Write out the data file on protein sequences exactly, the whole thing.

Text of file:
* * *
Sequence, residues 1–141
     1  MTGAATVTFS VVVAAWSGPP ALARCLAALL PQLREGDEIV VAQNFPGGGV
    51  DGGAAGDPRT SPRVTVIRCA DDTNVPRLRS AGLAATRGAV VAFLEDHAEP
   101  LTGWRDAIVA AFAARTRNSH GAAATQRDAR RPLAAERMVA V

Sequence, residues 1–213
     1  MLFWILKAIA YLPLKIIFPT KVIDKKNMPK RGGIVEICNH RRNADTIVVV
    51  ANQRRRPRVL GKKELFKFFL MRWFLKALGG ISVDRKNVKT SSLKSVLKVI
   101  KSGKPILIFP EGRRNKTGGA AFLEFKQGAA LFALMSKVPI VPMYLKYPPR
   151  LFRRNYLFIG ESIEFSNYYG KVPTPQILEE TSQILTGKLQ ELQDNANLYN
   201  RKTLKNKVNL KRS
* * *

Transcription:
Sequence, residues 1–141
     1  MTGAATVTFS VVVAAWSGPP ALARCLAALL PQLREGDEIV VAQNFPGGGV
    51  DGGAAGDPRT SPRVTVIRCA DDTNVPRLRS AGLAATRGAV VAFLEDHAEP
   101  LTGWRDAIVA AFAARTRNSH GAAATQRDAR RPLAAERMVA V

Sequence, residues 1–213
     1  MLFWILKAIA YLPLKIIFPT KVIDKKNMPK RGGIVEICNH RRNADTIVVV
    51  ANQRRRPRVL GKKELFKFFL MRWFLKALGG ISVDRKNVKT SSLKSVLKVI
   101  KSGKPILIFP EGRRNKTGGA AFLEFKQGAA LFALMSKVPI VPMYLKYPPR
   151  LFRRNYLFIG ESIEFSNYYG KVPTPQILEE TSQILTGKLQ ELQDNANLYN
   201  RKTLKNKVNL KRS